Fair Market Value and Commercial Reasonableness Applied to Healthcare Transactions

Government scrutiny around healthcare transactions has heightened in recent years due to an increase in the volume of violations of healthcare fraud and abuse laws. There are numerous regulatory statutes, such as Stark Law and Anti-Kickback Statute that need to be considered while structuring financial transactions for physicians and other staff to ensure that compensation is within fair market value (FMV) and is commercially reasonable. The best practice that a health system can adopt for establishing financial arrangements without getting penalized is consulting with a third-party valuation expert to not only rationalize the compensation rate, but to justify the community need.

The Stark Law defines FMV as “the value in arm’s length transactions, consistent with general market value”. “General market value” is the compensation that would be included in a service agreement as the result of bona fide bargaining between well-informed parties who are not otherwise in a position to generate business for the other party. 1  The payments that exceed FMV are viewed as potential referrals, which is a violation of Stark Law that can lead to penalties and a healthcare system’s exclusion from participation in federal health programs.

The Department of Health and Human Services (HHS) defines commercial reasonableness as a “sensible, prudent business arrangement, from the perspective of the particular parties involved, even in the absence of any potential referrals”. 2  Healthcare transactions must be commercially reasonable and should be comparable to what is paid ordinarily for similar services in the area. An assessment of transactions should be done to analyze if it is reasonable to pay for the services in the first place, in order to prevent violation of the Anti-Kickback Statute. The Anti-Kickback Statute is a criminal law that prohibits healthcare organizations from knowingly and willfully paying any remuneration to induce patient referrals or to generate business involving any service payable by the federal healthcare programs. 3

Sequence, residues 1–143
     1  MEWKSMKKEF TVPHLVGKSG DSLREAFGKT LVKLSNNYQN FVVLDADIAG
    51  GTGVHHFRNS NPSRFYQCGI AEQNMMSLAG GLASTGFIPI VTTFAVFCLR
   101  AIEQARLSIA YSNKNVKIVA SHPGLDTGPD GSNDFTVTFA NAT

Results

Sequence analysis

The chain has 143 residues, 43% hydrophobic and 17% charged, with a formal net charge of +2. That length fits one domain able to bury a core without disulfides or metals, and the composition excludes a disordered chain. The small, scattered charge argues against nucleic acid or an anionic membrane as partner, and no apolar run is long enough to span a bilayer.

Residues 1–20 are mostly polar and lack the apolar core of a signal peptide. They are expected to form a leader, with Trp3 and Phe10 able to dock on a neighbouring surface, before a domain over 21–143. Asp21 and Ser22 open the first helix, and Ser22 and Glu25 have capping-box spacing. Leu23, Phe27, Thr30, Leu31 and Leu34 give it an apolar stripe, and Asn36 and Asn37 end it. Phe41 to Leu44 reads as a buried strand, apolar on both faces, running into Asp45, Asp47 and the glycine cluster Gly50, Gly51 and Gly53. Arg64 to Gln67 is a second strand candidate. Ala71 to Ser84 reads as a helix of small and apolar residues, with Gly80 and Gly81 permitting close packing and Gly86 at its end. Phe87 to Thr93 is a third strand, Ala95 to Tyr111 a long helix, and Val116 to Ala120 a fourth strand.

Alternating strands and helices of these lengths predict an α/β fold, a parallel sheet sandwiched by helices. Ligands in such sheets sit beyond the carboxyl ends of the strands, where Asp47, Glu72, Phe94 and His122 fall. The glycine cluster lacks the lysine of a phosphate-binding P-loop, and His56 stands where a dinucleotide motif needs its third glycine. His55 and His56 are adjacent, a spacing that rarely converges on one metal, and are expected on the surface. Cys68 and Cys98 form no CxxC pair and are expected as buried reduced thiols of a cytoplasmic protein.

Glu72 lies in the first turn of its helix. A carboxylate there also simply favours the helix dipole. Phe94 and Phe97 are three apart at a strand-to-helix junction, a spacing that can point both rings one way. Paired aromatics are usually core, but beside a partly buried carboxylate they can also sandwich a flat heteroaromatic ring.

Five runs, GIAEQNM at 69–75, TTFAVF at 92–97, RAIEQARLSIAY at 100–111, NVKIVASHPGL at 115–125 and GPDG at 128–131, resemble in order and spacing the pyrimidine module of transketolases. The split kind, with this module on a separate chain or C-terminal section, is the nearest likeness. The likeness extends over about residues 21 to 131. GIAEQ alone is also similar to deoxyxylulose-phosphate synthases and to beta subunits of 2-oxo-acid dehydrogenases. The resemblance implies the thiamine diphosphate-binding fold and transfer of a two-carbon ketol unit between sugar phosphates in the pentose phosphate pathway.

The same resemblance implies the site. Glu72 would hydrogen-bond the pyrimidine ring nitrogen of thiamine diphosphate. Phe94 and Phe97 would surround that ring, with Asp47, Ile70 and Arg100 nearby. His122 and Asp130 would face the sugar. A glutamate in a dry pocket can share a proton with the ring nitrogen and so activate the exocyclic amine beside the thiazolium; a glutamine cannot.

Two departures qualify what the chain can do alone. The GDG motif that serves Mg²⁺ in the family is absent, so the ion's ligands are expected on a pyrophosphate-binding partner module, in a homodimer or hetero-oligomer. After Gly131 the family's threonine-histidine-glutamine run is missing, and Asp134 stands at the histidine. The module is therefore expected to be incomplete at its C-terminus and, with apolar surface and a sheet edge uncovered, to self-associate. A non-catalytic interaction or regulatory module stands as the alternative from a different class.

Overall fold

Non-profit hospitals face additional requirements under the Internal Revenue Code that they must satisfy to maintain their tax-exempt status. If Internal Revenue Services (IRS) determines that the net earnings of a tax-exempt organization are used for private interests of employees, or if their payments exceed FMV, it might result in loss of tax-exempt status. They must demonstrate that the net earnings of a tax-exempt organization are not used for private interests of employees and are used for the benefit of the community as a whole.

Best Practices that Apply to Valuation of Healthcare Transactions

Healthcare organizations should consider both qualitative and quantitative components for FMV and commercial reasonableness analyses of financial transactions. A qualitative analysis of the nature and scope of services performed, necessity of services, and comparability of services should be performed. Also, a quantitative analysis of revenue cycle should be conducted to determine if the anticipated transaction acquires any referrals during the process and to ensure that healthcare organization complies with the regulatory statutes. 4